Lonely Avenue is a collaboration between Ben Folds and music-obsessed novelist Nick Hornby (High Fidelity, 31 Songs). Hornby provided the lyrics for 11 songs, which Folds then set to music and recorded in his Nashville studio. Joining Folds in the studio at various points were his own band, a string section, and legendary arranger Paul Buckmaster.
Lonely Avenue offers equal measures of humour and pathos in often deceptively cheerful songs. Folds gives voice to Hornby's endearingly mixed up, lovelorn characters, who come across as sympathetic even at their most hapless. An aging pop singer has to endlessly and agonizingly reprise his one hit, a paean to a woman he left years ago, to the fans who still attend his shows ("Belinda"). A mother deliberately avoids a stunning view of New Years Eve fireworks as she ministers to her seriously ill child in a London hospital ("Picture Window"). Hornby reconstructs the world of crippled, Brill Building-era songwriter Doc Pomus circa 1962 ("Doc Pomus"), and imagines, with unexpected tenderness, the moment when Alaskan teenager Levi Johnston discovered he'd impregnated the newly announced vice-presidential candidate's daughter, Bristol Palin ("Levi Johnston's Blues").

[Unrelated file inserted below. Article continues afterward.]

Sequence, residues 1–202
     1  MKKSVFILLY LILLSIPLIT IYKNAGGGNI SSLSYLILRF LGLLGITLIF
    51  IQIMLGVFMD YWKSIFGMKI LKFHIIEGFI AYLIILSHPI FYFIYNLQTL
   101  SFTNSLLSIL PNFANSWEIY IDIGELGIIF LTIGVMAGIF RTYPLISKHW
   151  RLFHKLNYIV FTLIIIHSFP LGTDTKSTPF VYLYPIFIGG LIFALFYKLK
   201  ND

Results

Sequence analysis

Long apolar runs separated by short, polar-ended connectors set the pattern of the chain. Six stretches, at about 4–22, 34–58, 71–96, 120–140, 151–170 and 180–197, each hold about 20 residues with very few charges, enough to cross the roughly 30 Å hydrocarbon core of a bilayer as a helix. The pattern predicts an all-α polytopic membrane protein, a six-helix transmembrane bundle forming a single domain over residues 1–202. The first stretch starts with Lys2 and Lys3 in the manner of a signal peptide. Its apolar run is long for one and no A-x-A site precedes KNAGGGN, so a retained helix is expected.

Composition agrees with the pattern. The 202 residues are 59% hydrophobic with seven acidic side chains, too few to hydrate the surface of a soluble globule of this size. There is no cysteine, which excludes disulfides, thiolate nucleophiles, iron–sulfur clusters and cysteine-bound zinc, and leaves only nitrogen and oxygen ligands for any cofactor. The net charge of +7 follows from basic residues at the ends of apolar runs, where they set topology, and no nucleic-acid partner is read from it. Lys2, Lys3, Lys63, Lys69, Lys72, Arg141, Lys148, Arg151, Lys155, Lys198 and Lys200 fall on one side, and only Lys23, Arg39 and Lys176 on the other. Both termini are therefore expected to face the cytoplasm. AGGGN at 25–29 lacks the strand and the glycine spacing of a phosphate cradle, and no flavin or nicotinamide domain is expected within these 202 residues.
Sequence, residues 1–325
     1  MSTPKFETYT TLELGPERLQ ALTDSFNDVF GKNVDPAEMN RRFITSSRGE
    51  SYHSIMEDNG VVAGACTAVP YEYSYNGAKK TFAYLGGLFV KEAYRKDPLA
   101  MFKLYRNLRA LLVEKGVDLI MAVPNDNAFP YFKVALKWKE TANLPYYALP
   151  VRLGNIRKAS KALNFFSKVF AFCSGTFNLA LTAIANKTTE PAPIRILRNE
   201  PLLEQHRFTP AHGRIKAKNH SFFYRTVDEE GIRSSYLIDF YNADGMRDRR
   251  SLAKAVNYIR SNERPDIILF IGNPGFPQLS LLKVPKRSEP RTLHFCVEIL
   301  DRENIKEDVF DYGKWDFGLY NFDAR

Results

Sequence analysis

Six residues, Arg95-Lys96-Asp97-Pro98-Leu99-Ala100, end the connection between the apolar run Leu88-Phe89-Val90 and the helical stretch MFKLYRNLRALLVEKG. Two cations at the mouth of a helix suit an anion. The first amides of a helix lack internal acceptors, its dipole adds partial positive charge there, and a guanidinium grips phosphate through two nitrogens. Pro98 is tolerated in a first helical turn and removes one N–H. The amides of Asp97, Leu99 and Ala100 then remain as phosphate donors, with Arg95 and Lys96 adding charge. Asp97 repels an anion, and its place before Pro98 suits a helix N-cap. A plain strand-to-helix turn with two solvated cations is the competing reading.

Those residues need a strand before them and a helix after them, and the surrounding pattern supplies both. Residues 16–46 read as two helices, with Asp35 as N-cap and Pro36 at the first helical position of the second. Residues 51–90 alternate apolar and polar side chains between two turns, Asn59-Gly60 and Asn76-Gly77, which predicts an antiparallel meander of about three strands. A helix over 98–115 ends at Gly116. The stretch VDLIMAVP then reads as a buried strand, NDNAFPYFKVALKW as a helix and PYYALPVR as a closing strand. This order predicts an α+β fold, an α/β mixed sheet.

In his 2002 book 31 Songs, a semi-autobiography testified through the prism his record collection, Nick Hornby remarked that he writes books because he can’t write songs. Lonely Avenue tests this characteristic self-deprecation, Hornby providing lyrics for music by Ben Folds (a Folds tune, Smoke, was among Hornby’s 31).
Hornby is running at a high bar – since emerging in the mid-90s, Folds has been a consistently enthralling songwriter. Consciously or not, it’s perhaps for this reason that Hornby – no stranger, as a novelist, to narrating from third-person viewpoints – writes uncannily like Folds. Had Hornby’s participation not been advertised, it’s unlikely anyone would have suspected the hand of a collaborator. The scenarios are Folds’ familiar palette of wry character sketches and sharply observed domestic dramas, and the vernacular is deliberately American English.
Lonely Avenue is not an unalloyed triumph. Obvious talking point Levi Johnston’s Blues, a semi-Springstonian lament from the perspective of the father of Sarah Palin’s grandchild, bristling against the shotgun in the back of his wedding tux – The River reset in Wasilla – rings hollow, and Folds somewhat overdoes the bombast. The Hold Steady-ish Your Dogs, all wo-ah choruses and fidgety electric keys, also overcooks itself.
The more restrained moments, however, are gorgeous. Belinda is a sumptuous ballad with a beautifully observed lyric, about a one-hit-wonder artist who cruelly ditched the woman he wrote his one hit about, but is stuck singing sentiments to which he no longer subscribes. The joyously rueful shuffle From Above is clearly intended as a companion to Tom Waits’ immortal ships-that-passed lament Martha, sympathising with the equally thwarted people with whom Waits’ protagonists actually spent their lives.
This is an affecting and intelligent record: neither Folds nor Hornby should be shy about suggesting a sequel.
Find more music at the BBC This link will take you off Amazon in a new window